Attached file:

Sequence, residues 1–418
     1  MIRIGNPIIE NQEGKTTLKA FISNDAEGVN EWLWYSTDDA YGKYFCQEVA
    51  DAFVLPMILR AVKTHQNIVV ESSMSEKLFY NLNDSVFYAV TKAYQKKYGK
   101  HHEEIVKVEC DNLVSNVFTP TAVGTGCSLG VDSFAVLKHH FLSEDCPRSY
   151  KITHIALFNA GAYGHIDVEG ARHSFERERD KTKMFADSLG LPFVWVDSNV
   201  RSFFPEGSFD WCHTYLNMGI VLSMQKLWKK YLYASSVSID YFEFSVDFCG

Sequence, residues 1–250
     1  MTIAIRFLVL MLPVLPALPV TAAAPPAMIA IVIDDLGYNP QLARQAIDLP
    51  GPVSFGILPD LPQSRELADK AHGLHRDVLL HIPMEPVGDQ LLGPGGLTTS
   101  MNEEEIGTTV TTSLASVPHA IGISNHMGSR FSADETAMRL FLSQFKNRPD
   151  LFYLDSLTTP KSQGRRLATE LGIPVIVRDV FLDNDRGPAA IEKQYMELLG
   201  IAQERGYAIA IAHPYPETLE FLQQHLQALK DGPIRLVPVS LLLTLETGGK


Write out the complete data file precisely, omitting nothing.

Sequence, residues 1–418
     1  MIRIGNPIIE NQEGKTTLKA FISNDAEGVN EWLWYSTDDA YGKYFCQEVA
    51  DAFVLPMILR AVKTHQNIVV ESSMSEKLFY NLNDSVFYAV TKAYQKKYGK
   101  HHEEIVKVEC DNLVSNVFTP TAVGTGCSLG VDSFAVLKHH FLSEDCPRSY
   151  KITHIALFNA GAYGHIDVEG ARHSFERERD KTKMFADSLG LPFVWVDSNV
   201  RSFFPEGSFD WCHTYLNMGI VLSMQKLWKK YLYASSVSID YFEFSVDFCG

Sequence, residues 1–250
     1  MTIAIRFLVL MLPVLPALPV TAAAPPAMIA IVIDDLGYNP QLARQAIDLP
    51  GPVSFGILPD LPQSRELADK AHGLHRDVLL HIPMEPVGDQ LLGPGGLTTS
   101  MNEEEIGTTV TTSLASVPHA IGISNHMGSR FSADETAMRL FLSQFKNRPD
   151  LFYLDSLTTP KSQGRRLATE LGIPVIVRDV FLDNDRGPAA IEKQYMELLG
   201  IAQERGYAIA IAHPYPETLE FLQQHLQALK DGPIRLVPVS LLLTLETGGK